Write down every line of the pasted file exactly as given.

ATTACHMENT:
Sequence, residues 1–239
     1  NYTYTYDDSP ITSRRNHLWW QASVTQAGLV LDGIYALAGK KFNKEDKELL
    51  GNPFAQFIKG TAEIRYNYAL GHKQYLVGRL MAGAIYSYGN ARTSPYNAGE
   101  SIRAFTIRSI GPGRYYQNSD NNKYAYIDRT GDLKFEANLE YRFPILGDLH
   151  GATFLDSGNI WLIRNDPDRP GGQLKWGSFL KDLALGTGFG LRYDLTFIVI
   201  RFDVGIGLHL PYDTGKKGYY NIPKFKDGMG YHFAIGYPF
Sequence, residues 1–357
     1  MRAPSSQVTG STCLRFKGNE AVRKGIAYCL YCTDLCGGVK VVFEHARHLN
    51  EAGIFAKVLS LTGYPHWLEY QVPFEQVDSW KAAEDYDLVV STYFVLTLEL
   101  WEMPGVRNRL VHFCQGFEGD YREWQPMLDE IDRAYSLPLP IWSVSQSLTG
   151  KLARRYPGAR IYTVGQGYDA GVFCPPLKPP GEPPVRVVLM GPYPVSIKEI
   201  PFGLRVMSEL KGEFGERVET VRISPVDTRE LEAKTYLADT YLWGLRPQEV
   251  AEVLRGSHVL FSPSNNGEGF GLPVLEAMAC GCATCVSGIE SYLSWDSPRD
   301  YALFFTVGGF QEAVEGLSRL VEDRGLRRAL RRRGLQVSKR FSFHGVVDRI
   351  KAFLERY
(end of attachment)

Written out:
Sequence, residues 1–239
     1  NYTYTYDDSP ITSRRNHLWW QASVTQAGLV LDGIYALAGK KFNKEDKELL
    51  GNPFAQFIKG TAEIRYNYAL GHKQYLVGRL MAGAIYSYGN ARTSPYNAGE
   101  SIRAFTIRSI GPGRYYQNSD NNKYAYIDRT GDLKFEANLE YRFPILGDLH
   151  GATFLDSGNI WLIRNDPDRP GGQLKWGSFL KDLALGTGFG LRYDLTFIVI
   201  RFDVGIGLHL PYDTGKKGYY NIPKFKDGMG YHFAIGYPF
Sequence, residues 1–357
     1  MRAPSSQVTG STCLRFKGNE AVRKGIAYCL YCTDLCGGVK VVFEHARHLN
    51  EAGIFAKVLS LTGYPHWLEY QVPFEQVDSW KAAEDYDLVV STYFVLTLEL
   101  WEMPGVRNRL VHFCQGFEGD YREWQPMLDE IDRAYSLPLP IWSVSQSLTG
   151  KLARRYPGAR IYTVGQGYDA GVFCPPLKPP GEPPVRVVLM GPYPVSIKEI
   201  PFGLRVMSEL KGEFGERVET VRISPVDTRE LEAKTYLADT YLWGLRPQEV
   251  AEVLRGSHVL FSPSNNGEGF GLPVLEAMAC GCATCVSGIE SYLSWDSPRD
   301  YALFFTVGGF QEAVEGLSRL VEDRGLRRAL RRRGLQVSKR FSFHGVVDRI
   351  KAFLERY